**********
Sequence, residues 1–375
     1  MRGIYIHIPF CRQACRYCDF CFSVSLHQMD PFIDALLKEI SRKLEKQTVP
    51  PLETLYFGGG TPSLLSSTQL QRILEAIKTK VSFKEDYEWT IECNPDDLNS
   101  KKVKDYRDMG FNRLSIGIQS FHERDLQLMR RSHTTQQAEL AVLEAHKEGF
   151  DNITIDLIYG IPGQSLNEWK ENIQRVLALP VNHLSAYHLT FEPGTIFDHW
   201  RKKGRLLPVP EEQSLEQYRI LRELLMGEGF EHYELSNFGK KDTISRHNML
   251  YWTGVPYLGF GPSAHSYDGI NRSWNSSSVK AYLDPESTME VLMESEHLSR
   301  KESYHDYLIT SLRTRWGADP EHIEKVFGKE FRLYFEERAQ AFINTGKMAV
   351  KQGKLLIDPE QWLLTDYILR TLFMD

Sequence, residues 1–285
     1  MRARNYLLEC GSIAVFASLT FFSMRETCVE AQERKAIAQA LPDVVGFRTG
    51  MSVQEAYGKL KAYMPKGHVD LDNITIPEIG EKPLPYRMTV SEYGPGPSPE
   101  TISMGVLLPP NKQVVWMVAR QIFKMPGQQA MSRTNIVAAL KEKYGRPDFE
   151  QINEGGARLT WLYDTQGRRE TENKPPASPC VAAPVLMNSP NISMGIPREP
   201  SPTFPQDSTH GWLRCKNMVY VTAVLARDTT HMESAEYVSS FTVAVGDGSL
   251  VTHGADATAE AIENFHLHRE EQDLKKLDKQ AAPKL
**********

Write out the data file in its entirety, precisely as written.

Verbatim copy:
Sequence, residues 1–375
     1  MRGIYIHIPF CRQACRYCDF CFSVSLHQMD PFIDALLKEI SRKLEKQTVP
    51  PLETLYFGGG TPSLLSSTQL QRILEAIKTK VSFKEDYEWT IECNPDDLNS
   101  KKVKDYRDMG FNRLSIGIQS FHERDLQLMR RSHTTQQAEL AVLEAHKEGF
   151  DNITIDLIYG IPGQSLNEWK ENIQRVLALP VNHLSAYHLT FEPGTIFDHW
   201  RKKGRLLPVP EEQSLEQYRI LRELLMGEGF EHYELSNFGK KDTISRHNML
   251  YWTGVPYLGF GPSAHSYDGI NRSWNSSSVK AYLDPESTME VLMESEHLSR
   301  KESYHDYLIT SLRTRWGADP EHIEKVFGKE FRLYFEERAQ AFINTGKMAV
   351  KQGKLLIDPE QWLLTDYILR TLFMD

Sequence, residues 1–285
     1  MRARNYLLEC GSIAVFASLT FFSMRETCVE AQERKAIAQA LPDVVGFRTG
    51  MSVQEAYGKL KAYMPKGHVD LDNITIPEIG EKPLPYRMTV SEYGPGPSPE
   101  TISMGVLLPP NKQVVWMVAR QIFKMPGQQA MSRTNIVAAL KEKYGRPDFE
   151  QINEGGARLT WLYDTQGRRE TENKPPASPC VAAPVLMNSP NISMGIPREP
   201  SPTFPQDSTH GWLRCKNMVY VTAVLARDTT HMESAEYVSS FTVAVGDGSL
   251  VTHGADATAE AIENFHLHRE EQDLKKLDKQ AAPKL